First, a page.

He resigned the Yugoslav presidency amid demonstrations, following the disputed presidential election of September 24, 2000. (wikipedia.com). He surrendered to the JSO (an elite group of police in Serbia), to avoid forced arrest in April 1, 2001. This put in compliance with an American deadline. The warrant had previously been made on suspicion of corruption, abuse of power, and embezzlement. The charges were domestic. The legitimacy of the arrest was not proven since Milosevic surrender; however putting Milosevic in jail is not legal. The investigation does not have a hard evidence to convict the former president. The Serbian Prime Minister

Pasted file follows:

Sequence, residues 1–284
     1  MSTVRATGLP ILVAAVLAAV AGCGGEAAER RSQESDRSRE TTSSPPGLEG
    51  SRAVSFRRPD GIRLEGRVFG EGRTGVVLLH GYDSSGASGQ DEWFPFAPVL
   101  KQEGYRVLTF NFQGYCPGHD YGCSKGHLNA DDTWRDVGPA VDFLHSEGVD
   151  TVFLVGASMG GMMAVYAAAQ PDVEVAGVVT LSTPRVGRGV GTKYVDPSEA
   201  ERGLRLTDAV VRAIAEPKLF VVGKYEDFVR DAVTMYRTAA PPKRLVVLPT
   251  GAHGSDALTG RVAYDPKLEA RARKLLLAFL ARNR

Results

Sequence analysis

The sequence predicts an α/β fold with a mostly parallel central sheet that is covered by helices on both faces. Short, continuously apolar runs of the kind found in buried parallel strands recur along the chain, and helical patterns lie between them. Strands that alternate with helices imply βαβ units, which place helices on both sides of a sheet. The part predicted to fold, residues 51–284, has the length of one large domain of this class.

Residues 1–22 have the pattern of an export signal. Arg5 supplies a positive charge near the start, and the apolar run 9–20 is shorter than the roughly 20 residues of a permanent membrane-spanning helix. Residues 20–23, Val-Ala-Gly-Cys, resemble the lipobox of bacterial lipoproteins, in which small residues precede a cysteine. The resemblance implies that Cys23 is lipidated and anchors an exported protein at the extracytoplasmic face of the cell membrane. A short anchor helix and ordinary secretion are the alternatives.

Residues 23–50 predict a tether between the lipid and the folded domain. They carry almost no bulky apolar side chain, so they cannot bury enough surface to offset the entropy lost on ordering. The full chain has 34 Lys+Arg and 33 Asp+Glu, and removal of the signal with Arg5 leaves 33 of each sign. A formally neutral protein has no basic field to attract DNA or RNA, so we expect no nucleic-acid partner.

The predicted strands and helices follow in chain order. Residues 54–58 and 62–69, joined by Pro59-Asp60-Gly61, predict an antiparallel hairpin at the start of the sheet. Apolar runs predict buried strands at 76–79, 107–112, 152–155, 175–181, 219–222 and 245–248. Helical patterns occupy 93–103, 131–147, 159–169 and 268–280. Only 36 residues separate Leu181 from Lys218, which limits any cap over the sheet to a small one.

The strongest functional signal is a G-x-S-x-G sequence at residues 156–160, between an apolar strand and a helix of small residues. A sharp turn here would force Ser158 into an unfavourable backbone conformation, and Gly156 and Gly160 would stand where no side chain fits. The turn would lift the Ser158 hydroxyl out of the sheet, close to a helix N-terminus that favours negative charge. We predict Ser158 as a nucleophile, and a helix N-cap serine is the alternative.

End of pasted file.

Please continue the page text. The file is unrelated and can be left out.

Milosevic act during the war convicted him for committing war crimes. During the Yugoslav war in 1990 and Kosovo war in 1999 he conducted his own defense at the International Criminal Tribunal for the former Yugoslavia, where he stood accused of crimes against humanity, violating the laws or customs of war, grave breaches of the Geneva Conventions and genocide.
The decision of the court of not giving him the proper medical treatment is legitimate in the sense that he is convicted of a crime, but the said action is illegal since every person is entitled to have a proper treatment. His trial ended without verdict because he died during the proceedings. ...Show more